Michael Klucher Program Manager - XNA Community Game Platform
This Friday, December 7th, will be your final chance to download the beta of XNA Game Studio 2.0. We are ending the beta program in preparation for our final release.
Additionally, the Games for Windows - LIVE online functionality will become disabled. You will still be able to use XNA Game Studio 2.0 Beta to program System Link games, but you will not be able to log on by using a LIVE-enabled Gamertag.
As we have mentioned, the delta between the beta and the release was very short. During that period, we addressed many bugs and issues, but the beta you received was "feature complete," meaning that everything new for XNA Game Studio 2.0 was included with the beta.
Our final release is right around the corner, and we'd like to thank everyone who took time to download our beta as well as provide feedback through the Microsoft Connect site. It's with your help that we can ensure that our final build is as stable as possible.
Looks like the release of XNA 2.0 is just around the corner. The Microsoft XNA Team have announced that
Michael Klucher announces on the XNA Team Blog This Friday, December 7 th , will be your final chance
Just wanted to say that I have a huge amount of gratitude to Microsoft and the XNA team for creating XNA framework.
I've been playing with it on and off since the day it came out, and I just love it.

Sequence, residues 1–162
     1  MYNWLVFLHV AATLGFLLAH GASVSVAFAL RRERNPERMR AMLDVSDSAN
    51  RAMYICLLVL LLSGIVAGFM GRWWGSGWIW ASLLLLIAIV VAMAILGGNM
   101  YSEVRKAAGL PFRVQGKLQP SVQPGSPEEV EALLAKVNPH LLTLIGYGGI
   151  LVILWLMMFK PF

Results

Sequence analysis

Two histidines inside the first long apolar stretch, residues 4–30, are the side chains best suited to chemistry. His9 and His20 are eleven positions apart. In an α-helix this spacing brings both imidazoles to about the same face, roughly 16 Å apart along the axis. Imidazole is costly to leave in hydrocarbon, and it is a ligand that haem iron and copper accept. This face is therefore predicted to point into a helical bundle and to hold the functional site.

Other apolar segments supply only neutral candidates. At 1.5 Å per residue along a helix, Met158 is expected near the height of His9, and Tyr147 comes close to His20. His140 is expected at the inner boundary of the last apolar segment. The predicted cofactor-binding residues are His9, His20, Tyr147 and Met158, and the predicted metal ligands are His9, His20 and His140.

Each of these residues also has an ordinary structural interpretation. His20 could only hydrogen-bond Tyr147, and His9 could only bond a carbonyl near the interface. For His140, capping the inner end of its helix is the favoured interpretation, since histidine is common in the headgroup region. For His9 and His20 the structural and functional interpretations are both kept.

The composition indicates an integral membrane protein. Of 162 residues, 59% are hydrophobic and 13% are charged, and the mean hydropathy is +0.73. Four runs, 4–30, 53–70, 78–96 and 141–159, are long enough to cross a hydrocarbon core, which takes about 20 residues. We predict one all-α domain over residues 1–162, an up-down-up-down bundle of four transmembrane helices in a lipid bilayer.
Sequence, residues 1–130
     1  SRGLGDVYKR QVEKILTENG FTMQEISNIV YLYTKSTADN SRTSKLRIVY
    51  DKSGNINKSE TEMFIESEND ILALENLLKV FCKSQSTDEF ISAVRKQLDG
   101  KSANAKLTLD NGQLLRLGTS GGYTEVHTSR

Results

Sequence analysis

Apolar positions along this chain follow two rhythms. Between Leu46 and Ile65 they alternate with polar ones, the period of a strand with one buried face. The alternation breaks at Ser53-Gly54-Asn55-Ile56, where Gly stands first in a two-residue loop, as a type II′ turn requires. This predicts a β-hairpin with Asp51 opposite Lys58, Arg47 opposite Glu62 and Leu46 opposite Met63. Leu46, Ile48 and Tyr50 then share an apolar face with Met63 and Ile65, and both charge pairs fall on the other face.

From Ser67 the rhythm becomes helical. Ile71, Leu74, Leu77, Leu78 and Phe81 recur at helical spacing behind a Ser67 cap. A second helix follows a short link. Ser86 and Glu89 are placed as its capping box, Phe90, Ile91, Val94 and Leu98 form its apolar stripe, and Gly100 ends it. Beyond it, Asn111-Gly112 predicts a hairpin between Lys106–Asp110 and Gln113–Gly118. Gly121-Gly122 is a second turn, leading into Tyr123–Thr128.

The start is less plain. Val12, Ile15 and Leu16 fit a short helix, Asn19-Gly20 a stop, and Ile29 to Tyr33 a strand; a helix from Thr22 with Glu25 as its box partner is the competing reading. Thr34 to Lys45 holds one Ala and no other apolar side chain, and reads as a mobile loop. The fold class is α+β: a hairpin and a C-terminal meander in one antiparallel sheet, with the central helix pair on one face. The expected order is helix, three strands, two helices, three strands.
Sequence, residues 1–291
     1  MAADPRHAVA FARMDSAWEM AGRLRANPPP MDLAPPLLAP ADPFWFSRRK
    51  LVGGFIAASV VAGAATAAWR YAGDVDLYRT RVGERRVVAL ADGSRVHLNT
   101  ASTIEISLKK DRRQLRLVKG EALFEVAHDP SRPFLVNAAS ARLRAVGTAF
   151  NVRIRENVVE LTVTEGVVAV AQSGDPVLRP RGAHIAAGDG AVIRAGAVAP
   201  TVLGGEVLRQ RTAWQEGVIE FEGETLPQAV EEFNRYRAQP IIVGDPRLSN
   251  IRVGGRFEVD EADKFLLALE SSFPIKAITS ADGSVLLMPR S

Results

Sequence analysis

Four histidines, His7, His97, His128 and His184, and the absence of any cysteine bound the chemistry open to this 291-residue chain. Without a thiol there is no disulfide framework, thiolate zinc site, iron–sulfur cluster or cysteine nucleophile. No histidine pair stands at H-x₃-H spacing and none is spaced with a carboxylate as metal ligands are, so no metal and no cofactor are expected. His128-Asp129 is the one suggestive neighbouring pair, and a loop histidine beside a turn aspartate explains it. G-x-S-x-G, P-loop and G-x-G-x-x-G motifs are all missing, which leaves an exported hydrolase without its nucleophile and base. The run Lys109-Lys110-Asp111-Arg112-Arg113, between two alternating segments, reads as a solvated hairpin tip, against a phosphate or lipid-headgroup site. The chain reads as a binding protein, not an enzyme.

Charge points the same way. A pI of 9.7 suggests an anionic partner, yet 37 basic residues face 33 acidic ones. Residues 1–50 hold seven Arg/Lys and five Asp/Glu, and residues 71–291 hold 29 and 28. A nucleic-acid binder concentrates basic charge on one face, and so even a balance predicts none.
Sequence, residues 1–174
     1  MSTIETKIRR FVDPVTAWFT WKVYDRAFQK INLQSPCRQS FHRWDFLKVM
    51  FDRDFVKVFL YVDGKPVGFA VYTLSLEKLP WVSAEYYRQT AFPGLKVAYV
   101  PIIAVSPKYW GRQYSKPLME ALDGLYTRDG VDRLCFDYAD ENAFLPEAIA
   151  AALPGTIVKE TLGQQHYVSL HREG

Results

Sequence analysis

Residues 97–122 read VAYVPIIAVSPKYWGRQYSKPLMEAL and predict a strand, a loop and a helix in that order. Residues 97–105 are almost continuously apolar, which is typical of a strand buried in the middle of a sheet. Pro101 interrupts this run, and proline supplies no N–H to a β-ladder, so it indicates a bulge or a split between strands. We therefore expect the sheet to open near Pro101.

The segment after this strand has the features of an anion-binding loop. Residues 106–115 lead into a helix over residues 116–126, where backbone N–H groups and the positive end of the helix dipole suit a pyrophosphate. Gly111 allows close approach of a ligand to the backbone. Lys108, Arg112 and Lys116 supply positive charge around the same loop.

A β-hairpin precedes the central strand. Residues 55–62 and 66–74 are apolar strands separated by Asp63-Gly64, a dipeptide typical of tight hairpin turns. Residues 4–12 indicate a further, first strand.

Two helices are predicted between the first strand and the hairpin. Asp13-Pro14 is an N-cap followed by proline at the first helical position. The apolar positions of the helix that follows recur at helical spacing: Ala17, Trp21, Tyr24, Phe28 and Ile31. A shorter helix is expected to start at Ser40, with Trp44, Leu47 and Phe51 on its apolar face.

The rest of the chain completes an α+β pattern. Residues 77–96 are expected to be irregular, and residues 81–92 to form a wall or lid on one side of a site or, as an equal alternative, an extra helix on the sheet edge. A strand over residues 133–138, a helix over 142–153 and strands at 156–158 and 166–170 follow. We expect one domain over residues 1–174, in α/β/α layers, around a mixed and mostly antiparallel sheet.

I am not a game developer but have secretely always wanted to be.
xna is a good tool for the game developing fans.
anyway, i wish xna could provide more functions such as physics, network(not live network) in next version.
It's sound good!
I am happy to see more and more the xna matured.
Developer Games - Brazil
Microsoft Student Partner
Physics can be roughly provided by using available 3rd party solutions, such as Lua to script, although I agree a ubitquous physics component would greatly improve time to market ability for users needing a basic subset of capability. To start, basic ragdoll physics, boundary control, gravitational attributes, and feedback would greatly improve the situation. Networking can be provided already as XNA is based on a modified compact .net framework in C#, but obviously not for XBox. XBox does not have local tcp/ip functionality outside the scope of XBL, probably due to security reasons.
I look forward, and expect new books covering XNA GS 2.0 on the horizon, they are greatly needed as the current two books in circulation are for GS 1.0, parly incompatible with 2.0, although upgradable. New DirectX functionality, such as the new sound system to replace DirectSound on Windows will inevitably need proper documentation in the XNA context shortly.
More starter kits covering isometric games with view angles and racing sims would also be nice.
VS2008 support is needed, the multithreaded build system greatly improves productivity, but in the XNA sense little really improves it with VS2008, as the XBox is not using or capable of .NET 3.5 due to it using the compact .NET framework.